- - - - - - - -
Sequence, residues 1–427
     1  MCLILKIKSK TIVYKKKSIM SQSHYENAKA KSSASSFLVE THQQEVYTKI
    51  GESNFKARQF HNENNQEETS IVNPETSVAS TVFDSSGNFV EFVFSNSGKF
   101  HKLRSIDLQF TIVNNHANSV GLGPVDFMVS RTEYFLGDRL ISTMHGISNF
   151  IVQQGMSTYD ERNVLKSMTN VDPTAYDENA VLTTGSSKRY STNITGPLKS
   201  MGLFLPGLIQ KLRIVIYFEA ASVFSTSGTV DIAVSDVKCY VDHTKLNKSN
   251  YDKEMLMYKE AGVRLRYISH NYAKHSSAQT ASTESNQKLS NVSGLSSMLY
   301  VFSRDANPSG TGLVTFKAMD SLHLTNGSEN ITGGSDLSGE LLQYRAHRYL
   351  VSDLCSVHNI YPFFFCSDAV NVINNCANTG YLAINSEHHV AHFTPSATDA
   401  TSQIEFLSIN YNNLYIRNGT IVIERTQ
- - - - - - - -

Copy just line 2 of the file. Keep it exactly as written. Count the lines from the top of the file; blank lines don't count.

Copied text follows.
     1  MCLILKIKSK TIVYKKKSIM SQSHYENAKA KSSASSFLVE THQQEVYTKI